Orange oil is an essential oil produced by cells within the rind of an orange fruit (Citrus sinensis fruit). In contrast to most essential oils, it is extracted as a by-product of orange juice production by centrifugation, producing a cold-pressed oil.[1] It is composed of mostly (greater than 90%) d-limonene,[2] and is often used in place of pure d-limonene. D-limonene can be extracted from the oil by distillation.

Citrus sinensis (L.) Histoire et culture des orangers A. Risso et A. Poiteau. – Paris Henri Plon, Editeur, 1872


The compounds inside an orange oil vary with each different oil extraction. Composition varies as a result of regional and seasonal changes as well as the method used for extraction. Several hundred compounds have been identified with gas chromatograph-mass spectrometry. Most of the substances in the oil belong to the terpene group with limonene being the dominant one. Long chain aliphatic hydrocarbon alcohols and aldehydes like 1-octanol and octanal are second important group of substances. The presence of sinensetin, a flavone, explains the orange color.[3]

Compound Italian Orange Oil[4] Concentration [%] Valencia orange oil[5] Concentration [%] Valencia orange oil[6] Concentration [%] Valencia orange oil[7] Concentration [%]
Limonene 93.67 91.4 95.17 97.0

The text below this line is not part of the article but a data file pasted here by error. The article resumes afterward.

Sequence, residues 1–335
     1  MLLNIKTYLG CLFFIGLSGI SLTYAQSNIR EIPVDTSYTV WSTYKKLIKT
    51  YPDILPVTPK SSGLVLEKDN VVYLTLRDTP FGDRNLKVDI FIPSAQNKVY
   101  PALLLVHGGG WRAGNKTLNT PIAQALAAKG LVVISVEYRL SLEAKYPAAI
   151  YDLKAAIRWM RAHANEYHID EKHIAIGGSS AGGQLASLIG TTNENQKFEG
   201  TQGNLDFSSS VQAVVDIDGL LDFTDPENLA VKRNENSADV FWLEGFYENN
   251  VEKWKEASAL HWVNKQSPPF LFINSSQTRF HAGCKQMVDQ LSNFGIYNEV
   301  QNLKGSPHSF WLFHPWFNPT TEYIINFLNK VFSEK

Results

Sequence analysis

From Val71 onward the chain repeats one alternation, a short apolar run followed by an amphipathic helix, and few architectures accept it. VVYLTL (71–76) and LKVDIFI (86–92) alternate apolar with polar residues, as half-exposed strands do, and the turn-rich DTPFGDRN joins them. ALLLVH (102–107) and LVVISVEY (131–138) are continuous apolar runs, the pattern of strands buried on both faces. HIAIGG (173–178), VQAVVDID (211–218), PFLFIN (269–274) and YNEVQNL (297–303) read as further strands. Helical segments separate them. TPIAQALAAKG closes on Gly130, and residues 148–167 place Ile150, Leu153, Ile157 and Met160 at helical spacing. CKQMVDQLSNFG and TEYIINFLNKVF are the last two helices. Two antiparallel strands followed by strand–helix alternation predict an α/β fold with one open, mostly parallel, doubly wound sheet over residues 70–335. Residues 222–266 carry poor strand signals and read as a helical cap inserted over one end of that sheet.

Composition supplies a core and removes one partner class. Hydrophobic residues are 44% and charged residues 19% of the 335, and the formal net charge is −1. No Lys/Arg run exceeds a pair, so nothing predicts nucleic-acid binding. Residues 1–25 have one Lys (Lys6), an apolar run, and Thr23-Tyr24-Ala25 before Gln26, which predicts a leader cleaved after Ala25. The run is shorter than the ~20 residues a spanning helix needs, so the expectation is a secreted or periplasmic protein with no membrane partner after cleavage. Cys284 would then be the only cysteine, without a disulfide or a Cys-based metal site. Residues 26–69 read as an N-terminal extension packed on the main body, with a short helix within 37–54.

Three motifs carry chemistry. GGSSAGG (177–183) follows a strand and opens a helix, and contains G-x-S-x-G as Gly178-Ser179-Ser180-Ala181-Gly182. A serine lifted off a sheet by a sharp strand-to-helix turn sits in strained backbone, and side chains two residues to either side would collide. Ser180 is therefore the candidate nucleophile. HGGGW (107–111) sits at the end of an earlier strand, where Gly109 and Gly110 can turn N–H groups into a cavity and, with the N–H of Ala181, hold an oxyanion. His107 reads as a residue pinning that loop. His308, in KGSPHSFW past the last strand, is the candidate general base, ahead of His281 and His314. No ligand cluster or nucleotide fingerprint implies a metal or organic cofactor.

α-Pinene 0.65 1.4 0.42
Sabinene and β-Pinene 1.00 0.4 0.24
Myrcene 2.09 4.3 1.86 0.03
Octanal 0.41 -
Linalool 0.31 0.8 0.25 0.3
δ-3-Carene 0.31
Decanal 0.27 0.4 0.28


Structural pest controlEdit

In the United States, d-Limonene (Orange Oil) is an EPA approved and registered active ingredient in California[8] and Florida[9] for the extermination of drywood termites, Formosan termites, and other structural pests. It is the active ingredient of the popular structural termiticide XT-2000.[10] Regarded an alternative to traditional fumigation, d-Limonene orange oil is increasing in popularity as approximately 70% of modern consumers in California prefer local structural chemical injections over traditional "tenting" or fumigation.[11]

Biological pest controlEdit

Orange oil can be used in green pesticides for biological pest control. It can exterminate or control ants and other insects by erasing their scent-pheromone trail indicators, or dissolving their exoskeleton,[12] eliminating the infestation or disrupting re-infestation.[13][9]

Orange oil is also known to be useful to control, but not exterminate, drywood termites (Incisitermes), killing only those who come into direct contact with it.[citation needed][14][15]

Domestic cleaning agentEdit

Orange oil is used as a cleaner. It is also used as an additive to certain wax finish/polish such as Howard's Feed-N-Wax Wood Polish & Conditioner.


Aromatherapy is a pseudoscience, with the purported evidence for health effects coming from preliminary research.[16]


The limonene which is the main component of the oil is a mild irritant, as it dissolves protective skin oils. Commercial use of orange oil, like that found in XT-2000 requires the use of protective gloves, according to EPA approved labeling[8] and most municipal structural pest control law such as the California Structural Pest Control Act of 2015.[17] Limonene and its oxidation products are skin irritants, and limonene-1,2-oxide (formed by aerial oxidation) is a known skin sensitizer. Most reported cases of irritation have involved long-term industrial exposure to the pure compound, e.g. during degreasing or the preparation of paints. However a study of patients presenting dermatitis showed that 3% were sensitized to limonene.